A few days ago three Needham High School alumni, Steve Gross (’85), Leslie Woodies (’70), and Lisbeth Scott (’76) received the Distinguished Career Award for their accomplishments in the fields of the arts and social service. Following are the remarks I shared at a luncheon honoring these outstanding alum:
You know, over the years I have attended many assemblies and workshops with student and community groups. And I always try to leave an assembly with at least one idea, one take away that will help me summarize my experience and what I learned. So here is my take away from today: Song, Dance, and Joy. My take away is learning that our honorees have used their skills, talents, sense of wonder, and playfulness to lead creative and exuberant lives.
Your presence here today is a reminder, especially, of the power and relevance of scholarship in our world today and the importance of the arts in a comprehensive and rich academic program. You see, embedded in our definition of scholarship, at the very core of the way the Needham Public Schools understands scholarship, is the essential role creativity plays in our lives and learning. We believe it is essential to nurture a sense of awe, wonder, and playfulness within our children so that they may innovate, invent, and create. The role of music, literature, fine and performing arts, theatre, dance, and athletics are all essential ingredients to a high performing and high achieving school community. They also happen to be the DNA of a broader community where lives are enriched, neighborhoods enhanced, and human relationships are made meaningful and joyful.
Without a sense of creativity one has little capacity to problem solve, think independently, or take risks. The schools must promote an atmosphere of learning and scholarship that helps young people learn to think outside the box, offer alternative ideas, promote diverse thinking, and develop hypotheses that may be unconventional. In my view, the juxtaposition of scholarship and creativity makes sense; one supports and complements the other. Scholarship without creativity is a stately library without books.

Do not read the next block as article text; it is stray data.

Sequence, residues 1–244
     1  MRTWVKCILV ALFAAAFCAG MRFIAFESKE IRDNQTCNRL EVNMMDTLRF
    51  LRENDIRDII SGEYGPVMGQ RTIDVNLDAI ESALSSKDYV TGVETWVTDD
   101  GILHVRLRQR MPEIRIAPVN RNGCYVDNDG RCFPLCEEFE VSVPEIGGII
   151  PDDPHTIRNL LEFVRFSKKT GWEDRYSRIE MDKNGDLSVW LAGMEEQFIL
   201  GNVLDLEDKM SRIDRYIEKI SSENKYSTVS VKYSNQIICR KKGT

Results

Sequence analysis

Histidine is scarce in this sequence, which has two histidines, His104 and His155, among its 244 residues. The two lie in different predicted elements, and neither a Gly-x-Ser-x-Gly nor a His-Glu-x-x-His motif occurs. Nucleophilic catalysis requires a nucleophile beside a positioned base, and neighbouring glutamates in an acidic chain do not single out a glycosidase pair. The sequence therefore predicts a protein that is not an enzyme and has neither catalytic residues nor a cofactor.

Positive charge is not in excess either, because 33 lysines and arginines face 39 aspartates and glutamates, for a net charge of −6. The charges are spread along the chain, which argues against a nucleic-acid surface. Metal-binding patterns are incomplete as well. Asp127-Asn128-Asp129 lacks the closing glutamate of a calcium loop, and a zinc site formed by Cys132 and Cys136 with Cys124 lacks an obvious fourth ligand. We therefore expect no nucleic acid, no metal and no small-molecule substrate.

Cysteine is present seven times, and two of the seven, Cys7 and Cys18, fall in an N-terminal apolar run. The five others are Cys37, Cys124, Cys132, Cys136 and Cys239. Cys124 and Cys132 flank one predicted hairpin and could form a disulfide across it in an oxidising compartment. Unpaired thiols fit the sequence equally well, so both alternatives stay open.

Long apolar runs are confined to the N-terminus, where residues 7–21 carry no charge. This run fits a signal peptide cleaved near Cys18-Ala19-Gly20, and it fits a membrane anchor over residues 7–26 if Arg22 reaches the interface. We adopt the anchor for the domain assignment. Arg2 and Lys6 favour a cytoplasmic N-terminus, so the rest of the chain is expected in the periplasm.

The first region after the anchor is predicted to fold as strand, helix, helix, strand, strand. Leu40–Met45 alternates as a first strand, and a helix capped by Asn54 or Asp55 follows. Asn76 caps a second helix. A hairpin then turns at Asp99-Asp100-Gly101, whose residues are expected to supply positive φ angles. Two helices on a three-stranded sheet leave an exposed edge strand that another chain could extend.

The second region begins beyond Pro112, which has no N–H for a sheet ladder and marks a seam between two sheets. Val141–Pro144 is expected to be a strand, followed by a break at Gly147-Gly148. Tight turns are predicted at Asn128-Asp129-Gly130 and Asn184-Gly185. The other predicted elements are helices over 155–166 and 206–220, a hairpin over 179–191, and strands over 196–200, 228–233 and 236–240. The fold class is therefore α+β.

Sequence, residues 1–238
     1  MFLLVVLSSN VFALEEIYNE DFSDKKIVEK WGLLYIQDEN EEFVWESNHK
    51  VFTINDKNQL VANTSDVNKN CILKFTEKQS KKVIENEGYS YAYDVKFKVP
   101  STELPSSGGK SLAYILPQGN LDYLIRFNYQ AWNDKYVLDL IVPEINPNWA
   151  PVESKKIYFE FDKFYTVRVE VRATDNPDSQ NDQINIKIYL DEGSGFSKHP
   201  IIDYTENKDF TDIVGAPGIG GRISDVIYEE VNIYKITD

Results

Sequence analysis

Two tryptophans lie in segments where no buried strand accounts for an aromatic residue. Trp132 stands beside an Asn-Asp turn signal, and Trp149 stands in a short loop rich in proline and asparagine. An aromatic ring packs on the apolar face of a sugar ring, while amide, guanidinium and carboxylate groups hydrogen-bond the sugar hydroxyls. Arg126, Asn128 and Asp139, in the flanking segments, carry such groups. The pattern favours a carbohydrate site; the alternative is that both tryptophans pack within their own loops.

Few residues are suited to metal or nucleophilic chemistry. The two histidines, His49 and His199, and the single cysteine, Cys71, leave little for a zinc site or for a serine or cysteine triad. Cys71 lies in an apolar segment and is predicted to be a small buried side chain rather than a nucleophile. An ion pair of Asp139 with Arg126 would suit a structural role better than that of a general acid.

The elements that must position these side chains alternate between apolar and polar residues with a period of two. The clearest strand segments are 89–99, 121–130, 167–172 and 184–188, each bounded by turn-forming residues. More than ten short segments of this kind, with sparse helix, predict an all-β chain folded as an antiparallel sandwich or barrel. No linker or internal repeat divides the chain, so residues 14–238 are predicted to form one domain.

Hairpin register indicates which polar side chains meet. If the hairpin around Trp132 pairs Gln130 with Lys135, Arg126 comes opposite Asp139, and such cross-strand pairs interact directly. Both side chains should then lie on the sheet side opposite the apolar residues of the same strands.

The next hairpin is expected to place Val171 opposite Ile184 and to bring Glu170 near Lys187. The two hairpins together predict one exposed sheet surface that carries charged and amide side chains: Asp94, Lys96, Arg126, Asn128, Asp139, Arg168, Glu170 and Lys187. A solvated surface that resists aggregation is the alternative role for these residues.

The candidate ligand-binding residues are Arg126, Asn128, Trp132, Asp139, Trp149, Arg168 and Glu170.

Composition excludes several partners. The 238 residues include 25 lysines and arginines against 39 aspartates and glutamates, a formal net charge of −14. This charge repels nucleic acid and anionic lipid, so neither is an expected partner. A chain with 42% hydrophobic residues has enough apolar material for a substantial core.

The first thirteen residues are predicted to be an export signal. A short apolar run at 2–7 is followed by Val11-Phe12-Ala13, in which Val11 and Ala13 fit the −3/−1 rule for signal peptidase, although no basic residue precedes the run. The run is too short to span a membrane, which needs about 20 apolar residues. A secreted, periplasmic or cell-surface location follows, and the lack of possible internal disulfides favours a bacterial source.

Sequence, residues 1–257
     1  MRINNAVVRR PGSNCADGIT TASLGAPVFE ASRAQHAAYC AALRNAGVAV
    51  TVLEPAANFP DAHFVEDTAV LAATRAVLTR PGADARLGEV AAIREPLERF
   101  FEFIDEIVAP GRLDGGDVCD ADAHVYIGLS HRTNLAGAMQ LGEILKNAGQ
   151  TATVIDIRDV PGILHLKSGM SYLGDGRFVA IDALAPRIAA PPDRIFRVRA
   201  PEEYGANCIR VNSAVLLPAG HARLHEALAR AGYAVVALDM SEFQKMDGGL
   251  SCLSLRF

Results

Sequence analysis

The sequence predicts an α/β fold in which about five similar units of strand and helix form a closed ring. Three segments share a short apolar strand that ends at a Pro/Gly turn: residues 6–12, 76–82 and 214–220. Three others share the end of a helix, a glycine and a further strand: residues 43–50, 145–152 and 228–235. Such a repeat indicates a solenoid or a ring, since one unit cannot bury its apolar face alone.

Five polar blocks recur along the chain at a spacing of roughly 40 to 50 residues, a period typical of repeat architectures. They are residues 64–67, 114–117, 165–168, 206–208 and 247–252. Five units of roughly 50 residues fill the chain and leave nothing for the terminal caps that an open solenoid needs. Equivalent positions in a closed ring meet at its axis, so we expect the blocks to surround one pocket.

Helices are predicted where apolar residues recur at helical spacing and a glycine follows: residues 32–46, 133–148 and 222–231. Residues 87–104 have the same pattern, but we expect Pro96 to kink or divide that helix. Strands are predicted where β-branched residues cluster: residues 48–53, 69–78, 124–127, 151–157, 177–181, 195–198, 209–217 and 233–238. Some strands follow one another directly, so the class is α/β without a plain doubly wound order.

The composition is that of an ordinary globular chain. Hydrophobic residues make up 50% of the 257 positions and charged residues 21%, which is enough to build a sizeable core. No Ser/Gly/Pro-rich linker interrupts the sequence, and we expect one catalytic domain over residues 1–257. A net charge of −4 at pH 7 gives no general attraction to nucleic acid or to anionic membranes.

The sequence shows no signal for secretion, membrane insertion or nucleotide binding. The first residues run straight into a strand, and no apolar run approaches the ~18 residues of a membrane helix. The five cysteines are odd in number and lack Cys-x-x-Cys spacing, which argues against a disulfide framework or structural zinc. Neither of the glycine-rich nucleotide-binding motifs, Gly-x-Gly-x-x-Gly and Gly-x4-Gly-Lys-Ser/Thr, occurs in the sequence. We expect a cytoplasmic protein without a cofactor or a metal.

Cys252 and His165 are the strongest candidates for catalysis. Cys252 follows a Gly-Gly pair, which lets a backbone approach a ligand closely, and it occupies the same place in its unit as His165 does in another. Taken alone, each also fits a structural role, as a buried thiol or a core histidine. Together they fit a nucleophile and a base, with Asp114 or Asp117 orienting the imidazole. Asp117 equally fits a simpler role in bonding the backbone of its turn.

Two authors folks in the Needham Schools have been following lately offer cautionary tales for those schools and communities that ignore the role of creativity in our classrooms.
Yong Zhao, a Michigan State University professor who recently penned Catching Up or Leading the Way (ASCD, 2009), exhorts Americans to be careful about the disabling effect of standardized testing and increasingly reduced opportunities for students to participate in the arts, music, and play in school. He notes that in an effort to encourage higher tests scores and become more competitive with other countries we have cut art programs in schools, for example, and emphasized academic drill and rote. Zhao believes the unique success of the American education system is its ability to help individuals grow into self-discovery and fulfillment. He posits that our economic and democratic success is a direct result of an innovative and nurturing education system that celebrates both diversity and divergent thinking. He warns us about trying to emulate the rest of the world too much. He writes:
“ Two paths lie in front of us: one in which we destroy our strengths in order to catch up with others in tests scores and one in which we build on our strengths so we can keep the lead in innovation and creativity. The current push for more standardization, centralization, high stakes testing, and test-based accountability is rushing us down the first path, while what will truly keep America strong and Americans prosperous … is the one that cherishes individual talents, cultivates creativity, celebrates diversity, and inspires curiosity.”